from Wiktionary, Creative Commons Attribution/Share-Alike License

  • proper n. The tenets or doctrines of the Socinians.


from Wiktionary, Creative Commons Attribution/Share-Alike License

Socinian +‎ -ism


  • It is, indeed, unjust to make a Quaker pay for teaching the doctrine of the Sacraments, or a Unitarian for teaching the Deity of Christ; but it is equally unjust to make an Atheist pay for teaching the existence of God, or a Churchman for teaching that curious kind of implied Socinianism which is called "undenominational religion."

    Prime Ministers and Some Others A Book of Reminiscences

  • Socinianism rejected inexplicable Christian doctrine, such as the divinity of Christ as man.

    Motherly Advice

  • Norris believed Socinianism to be a dangerous view because it leads to either deism or atheism.

    Motherly Advice

  • Socinianism was advanced in John Toland's 1696 Christianity not Mysterious.

    Motherly Advice

  • Socinianism, for here is nothing at all said of the Trinity.

    A Philosophical Dictionary

  • It has seemed to me that the real importance of Arianism, Socinianism, and other forms of unitarian Christology in the early modern period was not their arguments against Chalcedonian doctrines of Christ's dual nature and the Trinity, rather that they introduced and developed liberal forms of interpreting scripture and tradition: They insisted on experiential and/or rational evidence beyond appeals to orthodox authority.

    Philocrites: Isaac Newton's anti-Trinitarianism in the news.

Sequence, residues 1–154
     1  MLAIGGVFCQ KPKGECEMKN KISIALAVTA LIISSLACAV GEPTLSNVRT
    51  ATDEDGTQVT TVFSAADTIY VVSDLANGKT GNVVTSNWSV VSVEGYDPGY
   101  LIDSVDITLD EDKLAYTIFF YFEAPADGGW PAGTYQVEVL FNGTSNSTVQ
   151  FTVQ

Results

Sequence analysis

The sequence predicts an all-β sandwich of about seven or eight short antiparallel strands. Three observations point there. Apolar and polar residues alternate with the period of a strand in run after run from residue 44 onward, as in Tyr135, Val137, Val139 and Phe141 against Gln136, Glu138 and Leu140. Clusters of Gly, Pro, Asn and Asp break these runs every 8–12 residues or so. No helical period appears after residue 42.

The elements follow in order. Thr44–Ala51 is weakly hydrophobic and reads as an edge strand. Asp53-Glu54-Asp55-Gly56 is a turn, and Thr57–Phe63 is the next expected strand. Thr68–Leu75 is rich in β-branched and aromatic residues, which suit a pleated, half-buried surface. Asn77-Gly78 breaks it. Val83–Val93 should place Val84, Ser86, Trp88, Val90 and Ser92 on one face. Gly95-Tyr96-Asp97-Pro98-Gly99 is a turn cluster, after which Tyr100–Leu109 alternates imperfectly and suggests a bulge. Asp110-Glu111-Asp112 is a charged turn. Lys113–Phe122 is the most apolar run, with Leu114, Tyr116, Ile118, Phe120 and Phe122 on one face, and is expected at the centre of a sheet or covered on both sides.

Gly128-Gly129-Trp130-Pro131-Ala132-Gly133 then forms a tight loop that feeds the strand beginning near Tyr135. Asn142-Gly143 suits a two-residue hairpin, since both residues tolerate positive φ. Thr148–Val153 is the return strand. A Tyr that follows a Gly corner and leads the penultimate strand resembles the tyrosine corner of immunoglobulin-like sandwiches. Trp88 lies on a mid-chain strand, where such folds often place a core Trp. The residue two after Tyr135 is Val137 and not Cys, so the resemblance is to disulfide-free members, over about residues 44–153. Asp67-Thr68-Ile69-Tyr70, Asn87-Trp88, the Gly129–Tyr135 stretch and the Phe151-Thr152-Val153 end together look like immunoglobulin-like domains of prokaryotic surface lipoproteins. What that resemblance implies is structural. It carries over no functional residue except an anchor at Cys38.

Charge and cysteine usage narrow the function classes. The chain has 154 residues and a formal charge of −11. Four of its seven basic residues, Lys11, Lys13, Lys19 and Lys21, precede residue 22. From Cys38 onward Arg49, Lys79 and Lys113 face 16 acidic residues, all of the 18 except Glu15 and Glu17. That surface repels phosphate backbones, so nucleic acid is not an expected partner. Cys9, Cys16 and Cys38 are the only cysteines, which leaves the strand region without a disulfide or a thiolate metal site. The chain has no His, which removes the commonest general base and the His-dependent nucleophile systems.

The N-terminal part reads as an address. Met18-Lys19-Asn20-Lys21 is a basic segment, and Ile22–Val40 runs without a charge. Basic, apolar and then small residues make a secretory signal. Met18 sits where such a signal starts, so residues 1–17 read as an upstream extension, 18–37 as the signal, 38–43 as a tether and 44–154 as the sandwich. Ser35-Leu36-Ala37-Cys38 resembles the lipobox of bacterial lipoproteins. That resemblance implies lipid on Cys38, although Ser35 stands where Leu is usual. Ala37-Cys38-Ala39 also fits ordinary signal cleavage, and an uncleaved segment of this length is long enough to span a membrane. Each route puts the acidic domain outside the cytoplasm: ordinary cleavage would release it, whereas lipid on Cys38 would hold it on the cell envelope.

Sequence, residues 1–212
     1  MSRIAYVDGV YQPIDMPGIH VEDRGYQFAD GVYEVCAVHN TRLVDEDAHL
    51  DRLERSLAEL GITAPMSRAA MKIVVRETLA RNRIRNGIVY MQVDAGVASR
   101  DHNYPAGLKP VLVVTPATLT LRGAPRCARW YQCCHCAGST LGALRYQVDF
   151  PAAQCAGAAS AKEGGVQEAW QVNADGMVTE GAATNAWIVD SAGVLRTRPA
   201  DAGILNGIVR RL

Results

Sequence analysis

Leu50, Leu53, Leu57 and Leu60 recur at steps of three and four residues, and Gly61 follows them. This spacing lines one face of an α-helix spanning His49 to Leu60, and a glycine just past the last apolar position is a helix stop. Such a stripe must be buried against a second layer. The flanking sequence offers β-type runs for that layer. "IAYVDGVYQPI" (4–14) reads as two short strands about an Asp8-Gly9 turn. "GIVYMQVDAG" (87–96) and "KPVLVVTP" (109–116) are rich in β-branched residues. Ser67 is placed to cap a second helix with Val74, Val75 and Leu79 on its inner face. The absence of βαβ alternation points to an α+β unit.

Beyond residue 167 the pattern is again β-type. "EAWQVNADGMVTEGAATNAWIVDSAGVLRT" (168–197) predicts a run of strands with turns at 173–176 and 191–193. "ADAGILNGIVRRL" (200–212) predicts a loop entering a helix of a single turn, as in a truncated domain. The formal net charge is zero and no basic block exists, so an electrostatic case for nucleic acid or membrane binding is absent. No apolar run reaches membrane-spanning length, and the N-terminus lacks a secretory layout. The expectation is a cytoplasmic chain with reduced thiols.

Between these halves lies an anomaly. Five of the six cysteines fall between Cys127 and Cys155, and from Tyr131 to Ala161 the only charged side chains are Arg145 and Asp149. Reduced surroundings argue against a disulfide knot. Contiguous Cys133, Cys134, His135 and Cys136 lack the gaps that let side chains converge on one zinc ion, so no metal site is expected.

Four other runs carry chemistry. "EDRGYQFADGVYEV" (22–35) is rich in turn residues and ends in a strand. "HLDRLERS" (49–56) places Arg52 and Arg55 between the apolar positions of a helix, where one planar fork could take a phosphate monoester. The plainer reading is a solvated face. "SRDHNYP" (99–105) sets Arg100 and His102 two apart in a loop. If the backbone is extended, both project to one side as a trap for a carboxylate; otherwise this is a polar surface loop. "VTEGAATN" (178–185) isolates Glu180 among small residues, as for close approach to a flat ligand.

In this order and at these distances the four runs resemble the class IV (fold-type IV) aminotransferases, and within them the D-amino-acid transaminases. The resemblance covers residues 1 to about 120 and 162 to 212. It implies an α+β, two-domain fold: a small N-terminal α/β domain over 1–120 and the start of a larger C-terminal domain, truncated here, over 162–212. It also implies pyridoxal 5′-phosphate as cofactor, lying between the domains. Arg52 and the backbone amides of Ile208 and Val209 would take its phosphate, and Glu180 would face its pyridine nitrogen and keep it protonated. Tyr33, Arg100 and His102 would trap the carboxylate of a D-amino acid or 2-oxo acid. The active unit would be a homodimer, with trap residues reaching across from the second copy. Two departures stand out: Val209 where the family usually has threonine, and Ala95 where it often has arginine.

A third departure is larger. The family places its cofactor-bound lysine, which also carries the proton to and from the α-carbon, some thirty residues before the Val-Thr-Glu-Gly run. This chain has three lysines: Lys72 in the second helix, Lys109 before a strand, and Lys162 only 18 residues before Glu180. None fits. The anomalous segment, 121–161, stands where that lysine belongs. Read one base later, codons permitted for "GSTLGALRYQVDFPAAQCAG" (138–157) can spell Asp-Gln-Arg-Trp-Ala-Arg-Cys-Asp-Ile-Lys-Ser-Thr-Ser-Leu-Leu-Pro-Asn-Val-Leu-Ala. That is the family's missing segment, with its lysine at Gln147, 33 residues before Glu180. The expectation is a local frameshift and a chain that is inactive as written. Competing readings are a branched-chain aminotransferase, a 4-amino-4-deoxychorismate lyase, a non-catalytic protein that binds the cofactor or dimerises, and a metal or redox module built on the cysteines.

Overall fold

• I have heard her condemn Socinianism, Calvinism, and many other

    The Life of Charlotte Bronte

  • But if Chillingworth was a Socinian in any sense of the word, he must have been so in the only book he published; and if there's no difference between that book and the lecture, then Prideaux and his friend Ussher must have condoned Socinianism "in the wide sense," even as they were denouncing the creed in all senses.

    Great Tew, Continued

  • Indeed, the Arians had to be rediscovered in Poland in the twentieth century, first of all through the researches of the historian Stanislaw Kot in the 1920s (summarized in English in his Socinianism in Poland, Boston, 1957); the subject has been greatly developed since 1960 by Jan Tazbir, some of whose work is also available in English, notably A State Without Stakes (New York: Kosciuszko, 1973).

    Poland's Past

  • I know it is said that a man may subscribe the Scripture, and the ancient creeds, and yet maintain Socinianism, or other heresies.

    The Reformed Pastor


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